American Federation of Teachers president Randi Weingarten has been targeting hedge funds with ties to right-leaning groups. Her main tactic has been to mount PR campaigns against these funds in the hopes of getting them to cut off funding to the groups.
Weingarten collected three scalps this week when she managed to get New York money managers Cliff Asness, Henry Kravis and Thomas McWilliams to stop funding the free-market Manhattan Institute. (UPDATE: See correction below) Among the institute’s issues is public sector pension reform and its solutions include reducing benefits and increasing worker contributions — stances AFT adamantly opposes.
The New York Post reports:
AQR founder Asness has agreed not to renew his term on the Manhattan Institute board of trustees when it expires in less than a year and to work with the group to “moderate” its position on defined benefits in the meantime, according to e-mails sent to the AFT that The Post reviewed.
Meanwhile, Court Square Managing Partner McWilliams has resigned from the Manhattan Institute board.
KKR, whose founder Henry Kravis contributed to the Manhattan Institute through a foundation he runs, has agreed to what the AFT called “a greater alignment between [KKR’s] commitments and the future health and viability of public sector defined benefit plans,” according to a letter from AFT President Randi Weingarten to KKR.
“We’re glad a growing number of managers recognize it doesn’t make sense to solicit the hard-earned retirement savings of teachers and public employees while at the same time serving on the boards of organizations trying to wipe out those pensions,” said Weingarten.
The institute has denounced AFT’s campaign as: “[A]n attempt to intimidate our supporters and silence our fellows. An organization representing teachers should understand the imperative need for an open dialogue that produces the most constructive solutions benefiting all Americans.”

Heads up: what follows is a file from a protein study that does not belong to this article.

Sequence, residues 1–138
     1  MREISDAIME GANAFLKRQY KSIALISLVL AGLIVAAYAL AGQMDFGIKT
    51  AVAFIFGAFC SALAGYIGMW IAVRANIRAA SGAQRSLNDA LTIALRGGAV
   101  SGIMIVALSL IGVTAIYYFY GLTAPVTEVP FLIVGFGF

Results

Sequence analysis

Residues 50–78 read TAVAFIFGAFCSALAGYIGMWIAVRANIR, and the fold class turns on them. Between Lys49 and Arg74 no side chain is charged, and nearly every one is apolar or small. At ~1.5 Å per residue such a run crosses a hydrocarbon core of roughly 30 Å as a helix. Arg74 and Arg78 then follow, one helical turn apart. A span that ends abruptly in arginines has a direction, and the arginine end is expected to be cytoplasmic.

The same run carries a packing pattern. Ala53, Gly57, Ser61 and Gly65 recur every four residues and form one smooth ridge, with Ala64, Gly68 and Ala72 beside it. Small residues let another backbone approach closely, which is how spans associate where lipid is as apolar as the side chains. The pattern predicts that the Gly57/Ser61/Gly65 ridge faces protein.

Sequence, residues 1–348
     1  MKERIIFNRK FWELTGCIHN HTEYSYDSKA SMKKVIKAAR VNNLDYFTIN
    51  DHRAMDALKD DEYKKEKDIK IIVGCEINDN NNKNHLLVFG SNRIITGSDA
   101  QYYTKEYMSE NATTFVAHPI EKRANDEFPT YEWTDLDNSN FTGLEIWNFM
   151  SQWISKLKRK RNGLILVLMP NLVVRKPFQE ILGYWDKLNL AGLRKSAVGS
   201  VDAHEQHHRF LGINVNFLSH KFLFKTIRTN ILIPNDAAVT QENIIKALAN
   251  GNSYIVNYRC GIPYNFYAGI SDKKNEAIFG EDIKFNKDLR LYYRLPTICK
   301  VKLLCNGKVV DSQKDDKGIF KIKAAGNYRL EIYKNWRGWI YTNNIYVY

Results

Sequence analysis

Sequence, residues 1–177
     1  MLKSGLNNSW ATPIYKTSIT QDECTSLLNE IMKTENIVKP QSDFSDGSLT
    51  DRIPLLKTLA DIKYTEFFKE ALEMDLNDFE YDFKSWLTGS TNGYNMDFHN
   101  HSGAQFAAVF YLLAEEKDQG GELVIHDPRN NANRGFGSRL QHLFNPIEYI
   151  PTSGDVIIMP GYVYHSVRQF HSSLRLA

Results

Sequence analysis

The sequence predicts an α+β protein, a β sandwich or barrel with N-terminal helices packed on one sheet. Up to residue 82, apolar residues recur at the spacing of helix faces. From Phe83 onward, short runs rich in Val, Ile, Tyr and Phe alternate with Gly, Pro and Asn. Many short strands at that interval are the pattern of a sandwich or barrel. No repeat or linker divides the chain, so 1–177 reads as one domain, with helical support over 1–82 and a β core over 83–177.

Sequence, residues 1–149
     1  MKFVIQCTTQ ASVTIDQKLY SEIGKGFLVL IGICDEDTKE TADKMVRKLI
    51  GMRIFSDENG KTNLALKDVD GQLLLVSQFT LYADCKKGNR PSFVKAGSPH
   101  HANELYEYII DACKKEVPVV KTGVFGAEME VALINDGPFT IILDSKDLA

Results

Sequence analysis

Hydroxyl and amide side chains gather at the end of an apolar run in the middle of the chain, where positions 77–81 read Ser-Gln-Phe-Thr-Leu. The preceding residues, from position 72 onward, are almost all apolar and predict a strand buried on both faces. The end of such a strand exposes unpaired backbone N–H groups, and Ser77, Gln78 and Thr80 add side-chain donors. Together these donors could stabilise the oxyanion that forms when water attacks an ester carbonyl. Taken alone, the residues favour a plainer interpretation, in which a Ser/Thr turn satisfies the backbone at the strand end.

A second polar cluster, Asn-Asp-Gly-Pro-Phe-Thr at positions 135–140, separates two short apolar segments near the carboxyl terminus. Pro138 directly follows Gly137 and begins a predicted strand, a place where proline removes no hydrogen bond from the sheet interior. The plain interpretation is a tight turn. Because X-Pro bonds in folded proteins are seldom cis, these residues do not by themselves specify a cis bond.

The Post story reports that an earlier target of AFT, hedge-fund mogul Dan Loeb, has resisted their efforts and even denounced the AFT as “bullies.”
CORRECTION: Asness has issued a categorical denial of the Post’s report. His office emailed the following statement to the Examiner:
The New York Post and Bloomberg News have reported that I intend to resign in the near future as a trustee of the Manhattan Institute. That is not true, and it should be corrected. I will continue to serve on the board because I share the Institute’s respect for the power of liberty to better people’s lives (which, of course, as for anyone in a similar position, does not translate to my sharing their every opinion). I will also continue to work in support of defined-benefit plans in order to ensure they play an important role in providing for the secure retirement of their beneficiaries, a vital national interest, and will carry on my long-standing advocacy for pension plan participants, individual savers and public trusts, even when this is contrary to entrenched Wall Street interests.
His company, AQR, also issued a statement:
Contrary to some reports, Cliff Asness is and will continue to be a board member of the Manhattan Institute because he shares the Institute’s respect for the power of liberty to better people’s lives. Cliff’s daily mission at AQR is to work to ensure that all pension plans, very much including defined-benefit plans, continue to provide for the secure retirement of their beneficiaries, a vital national interest.
A spokeswoman for KKR denied to comment on the record regarding the Post’s report.
McWilliams could not be reached. His office said he would out for several days.
A spokesman for the Manhattan Institute could not be reached.
A spokeswoman for the AFT had no immediate comment.
UPDATE: AFT provided the Examiner with copies of email correspondence between it and AQR. In a May 24 message, AQR co-founder David Kabiller said: “Cliffs (sic) board term is about another 10 months. Will see how he can help (not sure) moderate their position on this issue. The research their academics do there still has independence to it. Thanks.”
AFT spokeswoman Janet Bass said: “Basically – Cliff Asness says he’ll resign from the board when his term is up, in about 10 months, and ‘moderate’ Manhattan Institute’s position in the meantime.”
Kabiller’s statement does imply that Asness is distancing himself from the Manhattan Institute but it does not seem as categorical as Bass asserts. An AQR spokesman could not be reached for comment.